With that being stated, let’s go further into Scripture. Notice God calls us His friends numerous times in Scripture( Lk. 5, Jn. 15) and then His Church continues the pattern in relating to her members in the same way (see 1Jn. 3; 2Cor. 7:1; Phil. 2:12; 2Pet. 3:14). Also notice that in 2Pet. 3:14, Peter is telling his friends, i.e the church, to be spotless. Who else is spotless in Scripture? It is the bride of the lamb (see Rev. 19 and 20). So we see that Scripture does not seperate friendship and the bride, hence does not seperate friendship and marriage, but intimately connects them.
      We also see the example of Peter and our Lord in Jn. 21:15-19. Jesus asks Peter at first does he love Him (the Lord) with an complete total gift of self type of love (known as agape). Peter answers with, “No I love you with a friendship type of love (known as philia). In the end Jesus meets Peter where he was at; with the friendship type of love and allows it to be transformed into the kind of love in which he would give himself completely, as gift, through martyrdom (see Jn. 21:18-19). Now, please understand I am not saying the Peter and our Lord were married, but the fact that he takes Peter’s friendship (philia-love) as the stepping stone to complete self-gift love (agape) is important because it is agape love which is what animates marriage. So we can see clearly that Scripture does show friendship as a solid foundation for marriage.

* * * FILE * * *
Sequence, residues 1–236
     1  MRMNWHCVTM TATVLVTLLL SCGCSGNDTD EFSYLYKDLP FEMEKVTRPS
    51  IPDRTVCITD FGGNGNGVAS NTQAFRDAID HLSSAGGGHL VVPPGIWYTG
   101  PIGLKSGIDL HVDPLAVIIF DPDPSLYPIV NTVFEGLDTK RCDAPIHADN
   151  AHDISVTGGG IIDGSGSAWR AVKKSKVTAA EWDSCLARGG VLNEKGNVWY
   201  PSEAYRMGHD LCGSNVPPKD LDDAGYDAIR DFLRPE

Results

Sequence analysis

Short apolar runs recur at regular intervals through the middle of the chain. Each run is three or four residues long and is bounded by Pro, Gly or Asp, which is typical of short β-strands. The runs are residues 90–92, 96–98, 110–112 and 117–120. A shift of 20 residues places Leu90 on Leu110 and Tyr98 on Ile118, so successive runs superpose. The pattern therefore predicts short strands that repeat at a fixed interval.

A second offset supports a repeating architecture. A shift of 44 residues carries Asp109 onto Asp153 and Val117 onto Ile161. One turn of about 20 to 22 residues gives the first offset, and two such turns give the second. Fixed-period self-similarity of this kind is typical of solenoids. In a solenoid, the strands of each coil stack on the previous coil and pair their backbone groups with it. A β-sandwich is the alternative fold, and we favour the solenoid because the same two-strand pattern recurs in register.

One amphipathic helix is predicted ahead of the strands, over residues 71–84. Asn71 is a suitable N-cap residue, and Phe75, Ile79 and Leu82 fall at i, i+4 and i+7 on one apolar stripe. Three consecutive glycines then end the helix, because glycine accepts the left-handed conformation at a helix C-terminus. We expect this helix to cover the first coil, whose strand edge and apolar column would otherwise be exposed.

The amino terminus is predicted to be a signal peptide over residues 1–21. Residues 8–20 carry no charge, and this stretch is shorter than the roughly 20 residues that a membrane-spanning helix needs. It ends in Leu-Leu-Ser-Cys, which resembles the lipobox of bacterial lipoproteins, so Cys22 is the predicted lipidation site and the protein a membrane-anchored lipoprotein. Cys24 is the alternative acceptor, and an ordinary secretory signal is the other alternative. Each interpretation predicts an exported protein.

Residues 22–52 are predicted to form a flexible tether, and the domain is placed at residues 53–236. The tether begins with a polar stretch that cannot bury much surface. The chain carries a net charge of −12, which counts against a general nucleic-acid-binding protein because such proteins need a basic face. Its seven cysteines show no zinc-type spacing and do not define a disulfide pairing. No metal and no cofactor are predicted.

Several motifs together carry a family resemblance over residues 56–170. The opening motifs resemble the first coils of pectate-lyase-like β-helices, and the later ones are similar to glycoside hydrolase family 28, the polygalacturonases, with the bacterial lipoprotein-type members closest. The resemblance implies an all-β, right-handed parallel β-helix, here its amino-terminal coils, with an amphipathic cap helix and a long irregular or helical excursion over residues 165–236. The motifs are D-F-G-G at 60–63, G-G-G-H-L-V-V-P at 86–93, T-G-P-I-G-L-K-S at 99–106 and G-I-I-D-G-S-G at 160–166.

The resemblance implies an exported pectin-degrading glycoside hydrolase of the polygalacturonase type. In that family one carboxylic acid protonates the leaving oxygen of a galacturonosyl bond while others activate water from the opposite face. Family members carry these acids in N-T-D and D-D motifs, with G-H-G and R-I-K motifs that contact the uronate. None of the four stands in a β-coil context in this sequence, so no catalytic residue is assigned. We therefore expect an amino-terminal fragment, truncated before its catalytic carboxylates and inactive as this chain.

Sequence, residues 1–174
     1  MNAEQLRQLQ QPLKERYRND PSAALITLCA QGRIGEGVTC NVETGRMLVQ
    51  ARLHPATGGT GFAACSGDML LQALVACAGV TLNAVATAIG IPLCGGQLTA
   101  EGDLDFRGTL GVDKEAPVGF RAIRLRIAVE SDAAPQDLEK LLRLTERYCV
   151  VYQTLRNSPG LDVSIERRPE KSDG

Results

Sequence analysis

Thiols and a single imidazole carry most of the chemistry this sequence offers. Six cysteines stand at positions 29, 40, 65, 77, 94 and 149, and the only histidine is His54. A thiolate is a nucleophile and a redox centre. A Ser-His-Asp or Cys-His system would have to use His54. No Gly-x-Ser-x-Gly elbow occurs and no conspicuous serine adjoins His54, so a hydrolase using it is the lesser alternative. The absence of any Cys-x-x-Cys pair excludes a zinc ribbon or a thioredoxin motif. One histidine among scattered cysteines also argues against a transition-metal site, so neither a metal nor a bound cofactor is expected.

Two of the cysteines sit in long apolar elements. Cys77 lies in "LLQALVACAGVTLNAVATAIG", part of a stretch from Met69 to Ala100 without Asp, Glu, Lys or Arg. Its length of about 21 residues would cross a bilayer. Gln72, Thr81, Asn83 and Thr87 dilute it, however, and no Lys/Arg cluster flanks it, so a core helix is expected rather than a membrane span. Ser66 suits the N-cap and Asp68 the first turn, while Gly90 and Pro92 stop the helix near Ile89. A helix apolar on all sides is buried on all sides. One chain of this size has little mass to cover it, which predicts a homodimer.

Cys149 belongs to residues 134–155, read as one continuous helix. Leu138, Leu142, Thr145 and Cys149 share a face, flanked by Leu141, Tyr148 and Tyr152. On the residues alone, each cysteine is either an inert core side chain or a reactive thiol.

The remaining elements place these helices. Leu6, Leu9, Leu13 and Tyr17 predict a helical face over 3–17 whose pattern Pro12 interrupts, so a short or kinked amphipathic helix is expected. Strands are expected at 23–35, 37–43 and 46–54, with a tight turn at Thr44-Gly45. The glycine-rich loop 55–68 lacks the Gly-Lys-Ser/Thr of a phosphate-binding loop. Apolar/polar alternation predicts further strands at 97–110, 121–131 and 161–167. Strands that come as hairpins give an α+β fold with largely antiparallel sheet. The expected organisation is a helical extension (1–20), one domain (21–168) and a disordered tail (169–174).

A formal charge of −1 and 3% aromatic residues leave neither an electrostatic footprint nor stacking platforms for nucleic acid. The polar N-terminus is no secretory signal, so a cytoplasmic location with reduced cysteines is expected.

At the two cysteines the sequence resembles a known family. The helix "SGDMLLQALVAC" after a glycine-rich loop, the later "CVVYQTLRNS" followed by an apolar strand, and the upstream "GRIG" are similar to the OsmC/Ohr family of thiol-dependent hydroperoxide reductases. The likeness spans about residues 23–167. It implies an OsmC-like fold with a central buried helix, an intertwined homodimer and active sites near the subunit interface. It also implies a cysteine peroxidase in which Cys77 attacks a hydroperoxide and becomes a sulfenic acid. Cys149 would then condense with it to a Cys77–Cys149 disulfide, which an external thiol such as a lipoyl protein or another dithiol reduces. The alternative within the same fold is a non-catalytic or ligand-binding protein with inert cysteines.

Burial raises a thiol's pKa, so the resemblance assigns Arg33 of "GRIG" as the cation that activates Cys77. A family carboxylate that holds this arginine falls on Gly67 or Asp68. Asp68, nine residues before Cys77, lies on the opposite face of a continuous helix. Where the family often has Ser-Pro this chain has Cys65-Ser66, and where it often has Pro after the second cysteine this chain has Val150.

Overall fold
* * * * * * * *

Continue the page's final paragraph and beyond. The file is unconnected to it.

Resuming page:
Saints and even Doctors of the Church such as St. Francis de Sales suggests the same thing (see his Introduction to the Devout Life, section 3). Bl. John Paul II speaks of this as well in his Theology of the Body (if you’d like to know more about this, see my CEC course (Theology of the Person) linked here: http://cec.classrunner.com/enrol/index.php?id=20 . Hope this helps, thanks for the comment and God bless.

  2. Nate-710050 November 26, 2013

    I think I disagree with the above, friendship is a base to build a solid romance on, it also makes everything comfortable and easy between the two parties when they start dating and is a stable bond in times of trial. I don’t think the author took any Bible quotes out of context, if a man and woman are friends it’s similar to any other friendship, it just allows things to progress slowly and in a relaxed and sensible way. Lightning may strike some couples but it has not been my own experience.